• Scientist (explicit)
    • They are methodical in their acquisition of knowledge.
  • Hacker (implicit)
    • They have an intuitive understanding of the virtual world, with no need to test their ideas.


  • Networker (explicit)
    • They assess other player's capabilities.
  • Friend (implicit)
    • They enjoy their company.


  • Politician (Explicit)
    • Their aim is to get a big, good reputation.
  • Griefer (implicit)
    • Their vague aim is to get a big, bad reputation.

According to Bartle: "The 4-part version is easy to draw because it's 2D, but the 8-part one is 3D; it's therefore much harder to draw in such a way as it doesn't collapse in a mass of lines."[37] (Bartle's personal blog.)There is one known online test based on this model.[38]


Bartle's divisions provide a foundation for investigating gamer psychology; however, subsequent studies have noted certain limitations. For example, Nick Yee has argued that a "component" framework provides more explanatory power than a "category" framework.[39] Bartle's motivation factors were analysed for correlation by factorial analysis based on a sample of 7,000 MMO players. One of the results was that the Bartle's Explorer type didn't appear and more importantly its subfactors "exploring the world" and "analysing the game mechanics" didn't correlate.[40] Jon Radoff has proposed a new four-quadrant model of player motivations (immersion, cooperation, achievement, and competition) that has a goal of combining simplicity along with the major motivational elements that apply to all games (multiplayer or otherwise).[41][42]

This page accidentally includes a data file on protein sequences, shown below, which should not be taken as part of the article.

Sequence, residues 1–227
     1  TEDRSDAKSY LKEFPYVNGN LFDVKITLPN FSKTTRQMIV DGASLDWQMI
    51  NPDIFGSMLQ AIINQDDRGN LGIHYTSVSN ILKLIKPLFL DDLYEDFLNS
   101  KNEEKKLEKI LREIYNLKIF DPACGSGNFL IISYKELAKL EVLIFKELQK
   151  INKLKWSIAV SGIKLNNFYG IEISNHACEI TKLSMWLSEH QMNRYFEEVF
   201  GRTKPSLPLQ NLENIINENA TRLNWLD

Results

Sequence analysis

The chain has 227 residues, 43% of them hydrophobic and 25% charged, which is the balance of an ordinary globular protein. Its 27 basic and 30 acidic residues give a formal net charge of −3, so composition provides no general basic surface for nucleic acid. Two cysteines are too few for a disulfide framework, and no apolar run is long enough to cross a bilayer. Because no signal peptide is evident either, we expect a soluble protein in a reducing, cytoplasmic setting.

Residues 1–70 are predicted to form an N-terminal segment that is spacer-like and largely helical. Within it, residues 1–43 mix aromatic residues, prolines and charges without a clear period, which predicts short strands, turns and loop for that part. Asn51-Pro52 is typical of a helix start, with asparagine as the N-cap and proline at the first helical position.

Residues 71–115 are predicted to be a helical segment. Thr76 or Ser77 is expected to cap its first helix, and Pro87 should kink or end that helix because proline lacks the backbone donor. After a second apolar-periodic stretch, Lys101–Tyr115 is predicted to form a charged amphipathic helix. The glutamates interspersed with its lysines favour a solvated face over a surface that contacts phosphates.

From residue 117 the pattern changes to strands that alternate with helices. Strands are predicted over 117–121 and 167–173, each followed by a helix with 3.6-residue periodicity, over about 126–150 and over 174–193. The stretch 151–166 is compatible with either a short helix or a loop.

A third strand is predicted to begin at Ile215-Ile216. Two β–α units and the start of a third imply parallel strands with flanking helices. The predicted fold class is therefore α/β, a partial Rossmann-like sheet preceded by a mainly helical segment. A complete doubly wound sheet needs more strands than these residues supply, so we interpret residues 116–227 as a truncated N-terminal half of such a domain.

See also[edit]


  1. ^ "Hearts, Clubs, Diamonds, Spades: Players Who Suit MUDs", Richard Bartle (1996)
  2. ^ Karl M. Kapp (1 May 2012). The Gamification of Learning and Instruction: Game-based Methods and Strategies for Training and Education. John Wiley & Sons. p. 132. ISBN 978-1-118-09634-5.
  3. ^ Taylor, T.L. (2006-02-24). Play Between Worlds: Exploring Online Game Culture. The MIT Press. p. 69. ISBN 978-0262201636.
  4. ^ Andreasen, Erwin. "Erwin's MUD resources page". Retrieved 2009-09-20.
  5. ^ Erwin Andreasen; Brandon Downey (August 2001). "The Mud Personality Test". The Mud Companion (1): 33–35. ISSN 1499-1071. Archived from the original on August 18, 2000.
  6. ^ "Random Dialogue: You Shuffle, I'll Deal — MMORPGDOTCOM". MMORPGDOTCOM.